If we get a body temperature superconductor, a whole lot of other things are going to change and a SQUID patch on your brain is going to be one of the more boring advances from that technology.


First I want to get off my chest; are we still using the phrase "computer genius" in 2013? Something about it just rings 1980's to me. I dunno. It seems quaint and silly.

3D interfaces may eventually be the future, but I don't think this version is it. First of all, it's gonna eat up your desktop space like crazy, for what advantage really? Wow factor? That wears out quickly.

Which brings me to my next point; there has been technology to do a variety of different types of 3D desktops for a while now, but it hasn't been pursued because so far going 3D doesn't provide much in the way of practical advantages for most applications. If you're browsing the web and reading email, 3D is doing nothing for you except "Oh man isn't this cool?"

The one place where it makes sense is where you are dealing with actual 3D objects, like 3D printing and CAD/CAM software.


'First I want to get off my chest; are we still using the phrase "computer genius" in 2013? Something about it just rings 1980's to me. I dunno. It seems quaint and silly'

Hey, at least they didn't say "whizz-kid".


What's wrong with that? ;)


Awkwaaaard.


> First of all, it's gonna eat up your desktop space like crazy, for what advantage really?

That was my first impression as well. They want to make it enter the third dimension. Their solution for that is - hog more of that third dimension. No thanks, my desktop real estate is quite valuable.

I could see 3D going somewhere in the future, but only if it augments the desktop that is already there, not by trying to replace things that are still superior in their tangible form.

I think the disconnect is that it seems like they're trying to improve upon screens when they don't realize that they're competing. With things like this[0], this[1] and of course this[2]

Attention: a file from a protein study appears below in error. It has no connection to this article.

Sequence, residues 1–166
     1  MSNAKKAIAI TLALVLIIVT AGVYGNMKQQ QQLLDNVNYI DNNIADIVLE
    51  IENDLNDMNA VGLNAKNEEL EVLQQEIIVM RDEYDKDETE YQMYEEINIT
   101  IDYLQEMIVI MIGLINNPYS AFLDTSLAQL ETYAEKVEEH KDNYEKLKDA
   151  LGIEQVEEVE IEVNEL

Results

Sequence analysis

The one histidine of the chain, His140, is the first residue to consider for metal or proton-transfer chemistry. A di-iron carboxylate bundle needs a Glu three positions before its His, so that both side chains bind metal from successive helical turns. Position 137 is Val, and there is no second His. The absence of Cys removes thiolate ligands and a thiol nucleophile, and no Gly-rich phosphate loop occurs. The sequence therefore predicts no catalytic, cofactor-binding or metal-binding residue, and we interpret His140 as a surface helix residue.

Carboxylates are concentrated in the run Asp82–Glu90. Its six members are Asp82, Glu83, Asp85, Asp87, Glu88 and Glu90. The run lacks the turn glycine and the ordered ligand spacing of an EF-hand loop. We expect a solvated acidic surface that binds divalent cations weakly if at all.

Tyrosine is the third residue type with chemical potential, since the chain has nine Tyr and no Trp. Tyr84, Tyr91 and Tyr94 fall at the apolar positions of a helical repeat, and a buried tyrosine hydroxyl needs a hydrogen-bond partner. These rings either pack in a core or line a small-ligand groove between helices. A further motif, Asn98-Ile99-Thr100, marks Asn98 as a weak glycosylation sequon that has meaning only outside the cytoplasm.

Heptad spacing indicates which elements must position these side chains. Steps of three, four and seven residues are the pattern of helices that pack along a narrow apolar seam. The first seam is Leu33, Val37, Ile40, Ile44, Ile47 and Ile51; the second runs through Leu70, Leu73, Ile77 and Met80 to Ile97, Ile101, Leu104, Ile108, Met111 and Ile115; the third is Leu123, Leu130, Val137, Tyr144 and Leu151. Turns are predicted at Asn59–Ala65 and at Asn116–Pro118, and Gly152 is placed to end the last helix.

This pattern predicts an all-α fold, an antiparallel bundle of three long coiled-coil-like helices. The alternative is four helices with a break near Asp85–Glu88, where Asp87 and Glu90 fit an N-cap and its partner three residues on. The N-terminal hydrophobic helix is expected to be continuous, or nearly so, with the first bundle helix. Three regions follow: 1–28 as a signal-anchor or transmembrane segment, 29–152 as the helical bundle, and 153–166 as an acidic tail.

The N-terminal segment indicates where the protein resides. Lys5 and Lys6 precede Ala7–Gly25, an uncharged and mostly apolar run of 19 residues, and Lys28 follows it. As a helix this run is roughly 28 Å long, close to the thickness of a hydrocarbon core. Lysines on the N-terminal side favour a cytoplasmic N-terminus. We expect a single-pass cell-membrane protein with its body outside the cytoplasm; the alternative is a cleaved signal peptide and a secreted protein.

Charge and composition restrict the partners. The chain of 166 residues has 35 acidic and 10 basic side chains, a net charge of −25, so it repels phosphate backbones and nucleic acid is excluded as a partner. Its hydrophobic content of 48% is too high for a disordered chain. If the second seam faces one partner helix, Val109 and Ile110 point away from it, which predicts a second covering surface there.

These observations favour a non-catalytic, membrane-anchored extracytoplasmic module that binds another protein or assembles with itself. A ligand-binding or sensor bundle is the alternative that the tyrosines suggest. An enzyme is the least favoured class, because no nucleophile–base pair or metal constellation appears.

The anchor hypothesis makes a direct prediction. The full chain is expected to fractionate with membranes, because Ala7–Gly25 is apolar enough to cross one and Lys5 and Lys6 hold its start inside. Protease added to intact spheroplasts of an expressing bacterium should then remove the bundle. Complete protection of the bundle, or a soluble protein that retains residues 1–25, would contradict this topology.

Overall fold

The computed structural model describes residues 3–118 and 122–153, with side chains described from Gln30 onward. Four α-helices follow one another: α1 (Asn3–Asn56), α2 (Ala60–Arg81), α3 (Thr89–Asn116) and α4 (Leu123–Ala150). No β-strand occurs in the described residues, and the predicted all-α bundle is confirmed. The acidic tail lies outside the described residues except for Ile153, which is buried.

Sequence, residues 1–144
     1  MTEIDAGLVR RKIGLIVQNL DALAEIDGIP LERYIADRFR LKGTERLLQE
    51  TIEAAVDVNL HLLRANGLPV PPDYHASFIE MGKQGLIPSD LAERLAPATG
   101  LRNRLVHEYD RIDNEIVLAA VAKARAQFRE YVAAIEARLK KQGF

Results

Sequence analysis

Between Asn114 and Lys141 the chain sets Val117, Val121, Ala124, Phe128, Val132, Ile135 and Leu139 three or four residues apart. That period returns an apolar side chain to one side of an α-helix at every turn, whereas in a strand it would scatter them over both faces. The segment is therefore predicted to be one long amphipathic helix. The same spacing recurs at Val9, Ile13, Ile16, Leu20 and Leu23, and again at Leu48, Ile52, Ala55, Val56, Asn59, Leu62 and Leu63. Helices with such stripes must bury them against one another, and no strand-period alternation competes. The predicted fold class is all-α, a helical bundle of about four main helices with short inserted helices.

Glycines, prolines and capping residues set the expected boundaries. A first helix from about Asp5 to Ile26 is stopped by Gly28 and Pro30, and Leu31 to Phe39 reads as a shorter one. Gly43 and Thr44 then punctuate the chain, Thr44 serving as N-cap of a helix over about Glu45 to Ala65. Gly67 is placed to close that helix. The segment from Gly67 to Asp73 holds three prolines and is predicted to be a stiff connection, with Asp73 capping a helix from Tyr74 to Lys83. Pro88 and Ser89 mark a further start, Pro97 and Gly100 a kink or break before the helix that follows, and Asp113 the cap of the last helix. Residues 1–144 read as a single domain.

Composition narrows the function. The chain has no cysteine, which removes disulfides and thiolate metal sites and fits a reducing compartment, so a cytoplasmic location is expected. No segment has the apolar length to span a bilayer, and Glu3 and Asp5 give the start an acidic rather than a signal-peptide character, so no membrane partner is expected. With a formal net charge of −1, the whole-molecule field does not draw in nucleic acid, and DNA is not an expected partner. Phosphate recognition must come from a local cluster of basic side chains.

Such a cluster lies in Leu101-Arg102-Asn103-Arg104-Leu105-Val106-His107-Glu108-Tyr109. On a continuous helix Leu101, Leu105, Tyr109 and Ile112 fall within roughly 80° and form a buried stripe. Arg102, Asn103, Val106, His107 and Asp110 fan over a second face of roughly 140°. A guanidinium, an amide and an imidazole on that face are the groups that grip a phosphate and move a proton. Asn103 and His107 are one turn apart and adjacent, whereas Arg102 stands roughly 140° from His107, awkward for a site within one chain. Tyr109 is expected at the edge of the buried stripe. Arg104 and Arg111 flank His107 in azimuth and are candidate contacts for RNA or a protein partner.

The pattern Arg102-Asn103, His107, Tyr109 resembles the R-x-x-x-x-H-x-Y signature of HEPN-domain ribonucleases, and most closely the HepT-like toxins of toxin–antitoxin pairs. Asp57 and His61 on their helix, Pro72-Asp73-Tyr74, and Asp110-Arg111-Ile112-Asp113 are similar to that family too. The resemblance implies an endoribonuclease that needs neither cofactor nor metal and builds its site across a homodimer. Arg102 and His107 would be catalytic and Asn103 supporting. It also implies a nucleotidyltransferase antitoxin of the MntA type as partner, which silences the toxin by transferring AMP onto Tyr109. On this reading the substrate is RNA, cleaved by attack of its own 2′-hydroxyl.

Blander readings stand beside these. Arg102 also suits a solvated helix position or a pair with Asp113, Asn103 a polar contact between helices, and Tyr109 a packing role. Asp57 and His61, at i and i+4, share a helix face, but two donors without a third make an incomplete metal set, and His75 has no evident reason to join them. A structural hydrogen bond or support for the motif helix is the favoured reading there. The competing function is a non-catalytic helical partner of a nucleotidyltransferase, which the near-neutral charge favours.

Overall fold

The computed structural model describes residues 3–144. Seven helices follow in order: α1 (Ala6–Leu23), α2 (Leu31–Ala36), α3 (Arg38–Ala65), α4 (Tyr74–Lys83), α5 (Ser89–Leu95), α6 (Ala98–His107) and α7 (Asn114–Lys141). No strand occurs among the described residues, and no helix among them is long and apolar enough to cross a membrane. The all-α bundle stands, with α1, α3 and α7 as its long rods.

[0] https://plus.google.com/u/0/111011776153281260419/posts/9Mua...

[1] https://plus.google.com/u/0/111011776153281260419/posts/U5qV...

[2] https://plus.google.com/u/0/111011776153281260419/posts/TkM2...


The interface (using cameras to track hand / eye movement) just reminds me of the interface described in Snow Crash. It's possible that this full solution won't be the future, but maybe it will parts of it will push the 3-D desktop forward.


It shouldn't be taking up too much space. I can imagine its transparent screen is clipped in front of the monitor when not used. When used, you pull it toward you to create the volume for the 3-D activities.


This idea goes back further than you might think. The "Stereoscopic Workspace", from the Architecture Machine group at MIT in 1983, was a prototype of this idea, surprisingly close to this implementation 30 years later.

http://media.mit.edu/speech/videos/?video=Stereoscopic%20Wor...

http://media.mit.edu/speech/papers/1983/schmandt_SIGGRAPH83_...


The effort put into backwards compatibility at Microsoft is always interesting... here is a presentation on research into supporting legacy 2D custom controls on arbitrary 3D surfaces:

http://blogs.msdn.com/b/wpf3d/archive/2006/12/12/interacting...

video: http://channel9.msdn.com/Blogs/Charles/Daniel-Lehenbauer-and...


So the writer's idea of progress runs: command line → WIMP → touch → 3D. I think at least the first three are in order of effectiveness — descending. I suspect that the fourth, at least by my understanding of this idea, will continue the trend.


Certainly there are areas where command line beats a GUI, and where keyboard/mouse beat touchscreen, but that doesn't mean they are less effective. Would computers be doing as much as they do for many, many people if they were still 100% command line?


You know, I bet they would. I think what's made so many people able to use a computer is not the new modes of interaction but something more powerful: time. As people have more exposure to computers, and as they become more aware of the interface conventions that develop over time, they get better at using them no matter what the interface style is. I wonder if people might be more useful to people if they had preserved a higher ratio of critical to non-essential visual data — which I think terminal applications do.


Here's a link to a demo video

http://vimeo.com/59231550


Am I the only one here amazed that is seems to "know" through what perspective you're looking at it? How is it doing that?


This actually is pretty amazing. It looks like it can become practical.


Amazing? Eh. Useful? Meh.




Guidelines | FAQ | Support | API | Security | Lists | Bookmarklet | Legal | Apply to YC | Contact

Search: